Aruba and Check Point Partner to Automate Local Internet Breakout, Securing the WAN Edge for Cloud-First Enterprises

By Derek Granath, Senior Director, Product and Technical Marketing
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WAN edge infrastructure is one of the most rapidly changing areas of IT, driven largely by the unabated migration of business applications to SaaS offerings and to public clouds or IaaS instances. As reported by Forbes, 83 percent of enterprise workloads will be hosted in the cloud by 2020. No longer centrally hosted solely in corporate data centers, applications are now hosted anywhere, and often in multiple locations.

SaaS and IaaS providers strategically host their services in multiple data centers around the globe in metropolitan cities where business users are located. Connecting users to the closest SaaS and IaaS instances minimizes data transmission latency or delay and delivers the highest cloud application performance to end users.

A Modern Cloud-first WAN Architecture

However, traditional device-centric WAN architectures based on branch routers can’t take advantage of the distributed nature of cloud applications and services. Why? Because they typically route cloud-destined application traffic from the branch back to a headquarters-based security stack before sending it to the internet to protect the enterprise from threats. Traffic is then steered to SaaS or IaaS instances closest to HQ rather than to instances closest to users in the branch. This “trombone” traffic pattern adds latency which negatively impairs performance.

The solution is local internet breakout (LIB) – sending cloud-destined traffic directly from the branch to the closest SaaS or IaaS instance and doing so over the internet. LIB requires a level of application awareness and automation not available with traditional routers and has spawned a new, modern, software-defined approach to the WAN – SD-WAN.

A New Security Approach Complements a Modern WAN

But sending traffic over the internet is not as secure as private leased line connections. Actively using internet connections to transport enterprise application traffic increases the attack surface and exposure the enterprise to vulnerabilities. Therefore, just like with the WAN, delivering the best cloud application user experience requires a new, modern approach to security. This modern approach is cloud-hosted security.

Cloud-hosted security services centralize the entire security stack and locate it in the cloud instead of on-premise using dedicated, expensive security appliances at each branch location. The cloud-hosted security stack not only includes next-generation firewall services but also IDS/IPS, URL filtering, UTM, antivirus protection, sandboxing and more. Automated daily threat definition updates ensure consistent security policy enforcement across the enterprise.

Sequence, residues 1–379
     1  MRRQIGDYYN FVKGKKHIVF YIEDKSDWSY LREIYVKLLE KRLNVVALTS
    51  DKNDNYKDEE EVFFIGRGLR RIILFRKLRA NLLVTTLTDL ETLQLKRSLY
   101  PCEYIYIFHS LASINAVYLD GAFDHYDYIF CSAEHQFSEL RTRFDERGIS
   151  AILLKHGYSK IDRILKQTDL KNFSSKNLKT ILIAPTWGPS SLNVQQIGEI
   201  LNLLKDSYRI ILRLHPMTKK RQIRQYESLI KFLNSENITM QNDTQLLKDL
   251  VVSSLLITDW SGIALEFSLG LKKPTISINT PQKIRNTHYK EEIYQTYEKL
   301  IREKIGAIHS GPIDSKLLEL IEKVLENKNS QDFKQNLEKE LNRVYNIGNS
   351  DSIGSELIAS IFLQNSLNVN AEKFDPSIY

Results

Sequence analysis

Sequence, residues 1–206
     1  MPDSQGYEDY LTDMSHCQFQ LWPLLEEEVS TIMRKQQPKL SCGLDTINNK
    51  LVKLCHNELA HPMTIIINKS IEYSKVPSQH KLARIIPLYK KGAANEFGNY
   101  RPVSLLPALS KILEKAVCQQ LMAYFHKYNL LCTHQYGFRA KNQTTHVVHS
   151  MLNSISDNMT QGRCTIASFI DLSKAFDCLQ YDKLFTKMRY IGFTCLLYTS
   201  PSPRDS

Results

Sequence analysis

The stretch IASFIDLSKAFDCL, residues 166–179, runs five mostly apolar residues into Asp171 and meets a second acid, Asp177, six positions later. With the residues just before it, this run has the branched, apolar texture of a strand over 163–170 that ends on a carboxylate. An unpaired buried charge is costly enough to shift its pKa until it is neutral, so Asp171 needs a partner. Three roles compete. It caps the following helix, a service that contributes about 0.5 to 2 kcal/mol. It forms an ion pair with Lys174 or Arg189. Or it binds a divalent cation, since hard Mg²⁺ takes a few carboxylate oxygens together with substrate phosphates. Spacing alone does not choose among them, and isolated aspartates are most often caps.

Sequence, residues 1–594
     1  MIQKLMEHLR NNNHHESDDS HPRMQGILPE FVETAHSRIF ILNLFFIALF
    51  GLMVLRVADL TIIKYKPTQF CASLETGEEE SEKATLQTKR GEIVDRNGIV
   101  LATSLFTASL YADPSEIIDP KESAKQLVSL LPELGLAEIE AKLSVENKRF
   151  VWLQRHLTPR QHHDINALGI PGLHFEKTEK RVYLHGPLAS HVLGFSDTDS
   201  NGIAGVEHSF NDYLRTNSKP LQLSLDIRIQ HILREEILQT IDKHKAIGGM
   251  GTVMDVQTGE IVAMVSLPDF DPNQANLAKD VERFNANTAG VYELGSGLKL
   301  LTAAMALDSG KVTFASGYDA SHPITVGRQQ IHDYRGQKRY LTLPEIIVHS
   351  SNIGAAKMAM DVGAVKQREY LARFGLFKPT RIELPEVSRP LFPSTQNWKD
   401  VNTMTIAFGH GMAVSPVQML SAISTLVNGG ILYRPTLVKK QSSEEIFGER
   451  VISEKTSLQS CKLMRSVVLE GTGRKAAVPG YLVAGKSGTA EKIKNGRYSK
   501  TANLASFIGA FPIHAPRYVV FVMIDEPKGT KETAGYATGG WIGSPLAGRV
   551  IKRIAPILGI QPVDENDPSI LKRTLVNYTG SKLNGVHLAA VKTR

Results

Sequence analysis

Cloud-hosted security services utilize security enforcement points of presence (PoPs) strategically located – and even co-located – near SaaS and IaaS PoPs. By locating security enforcement as closely as possible to branch locations and to SaaS and IaaS instances, it enables local internet breakout to deliver the best application performance and branch security.

Automating Cloud-hosted Security Service Chaining

This is where the complementary nature of SD-WAN and cloud-hosted security is really on point. The SD-WAN must identify application traffic and steer it appropriately to enforce granular security policies. An enterprise might define the following policies:

  1. Backhaul traffic bound for data center-hosted applications back to headquarters
  2. Send trusted, whitelisted applications traffic like unified communications-as-a-service or Office 365 directly to their provider’s data center
  3. Send all other internet-destined traffic to the closest cloud security enforcement PoP

Local Internet Breakout Aruba SD-WAN

Implementing policy #3 requires establishing secure IPsec tunnels between the branch SD-WAN appliance and the closest cloud-security enforcement PoP. Manually configuring these tunnels for 10s, 100s or 1,000s of branch locations is complex, time-consuming and error prone.

Thankfully for IT, Aruba and Check Point have partnered to automate and streamline cloud-hosted security service chaining. From the Aruba Orchestrator management console, a user provides their Check Point subscription information. With a few mouse clicks, a fully automated process configures hundreds or even thousands of tunnels between branch locations and Check Point CloudGuard Connect enforcement PoPs in just minutes instead of hours or days. Not only reducing the time to deploy, centralized orchestration minimizes the potential for human errors and provides more consistent security policy enforcement across the enterprise.

For enterprises that require on-premise security for data privacy or compliance requirements, Aruba automates service chaining to the CloudGuard Edge virtual security gateway. CloudGuard Edge software can run on existing office IT equipment including universal customer premises equipment devices.

Even when adopting a cloud-hosted security architecture, the branch still needs a basic stateful zone-based firewall to detect and protect against incoming threats. The Aruba EdgeConnect SD-WAN platform unifies zone-based firewall functionality in the platform software, eliminating the need to deploy purpose-built security appliances at the branch.

The highly complementary Aruba and Check Point integration provides a secure, high-performance modern WAN edge architecture that

  • Delivers the highest quality of experience for users and IT
  • Increases business agility by accelerating security deployments
  • Improves enterprise security policy enforcement
  • Lowers IT resource costs

Silver Peak was acquired by Aruba, a Hewlett Packard Enterprise Company.